The number of people made homeless this year is 212,760, the highest since Labour came to power. Homelessness is at its highest level since 1997. However, huge controversy surrounds the accuracy of the official government figures on the number of homeless people and especially those who are living on the streets. Street counts often only look in those obvious places such as doorways and check the number residing in temporary hostel accommodation, therefore those who live in squats or on the streets but away from the established places are not included. It is estimated that 300,000 people make up what can be termed the ‘hidden homeless’ – individuals and families who have a roof over their heads, perhaps staying on friends’ sofas or with family in overcrowded conditions, but not having a secure home of their own.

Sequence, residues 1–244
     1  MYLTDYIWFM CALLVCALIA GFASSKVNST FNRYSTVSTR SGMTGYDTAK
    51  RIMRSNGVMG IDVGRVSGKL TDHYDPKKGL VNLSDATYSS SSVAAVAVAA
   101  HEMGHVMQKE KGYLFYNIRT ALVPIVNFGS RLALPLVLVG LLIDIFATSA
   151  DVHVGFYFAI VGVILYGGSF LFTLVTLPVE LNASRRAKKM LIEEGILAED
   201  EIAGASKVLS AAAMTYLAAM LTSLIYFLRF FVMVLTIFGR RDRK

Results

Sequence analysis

Hackney council in east London has a new campaign called Park Life. All over the borough, at bus stops and outside schools are huge glossy posters showing an unhappy couple sitting on a bench in a park, their belongings on the floor next to them with the slogan ‘Hackney council will evict tenants who will not pay their rent’. Hackney council is terrorising council tenants. It should be reminded that the average life expectancy of a person living on the streets is 42. People sleeping on the streets are 35 times more likely to commit suicide, and 15 times more likely to be assaulted than the general public.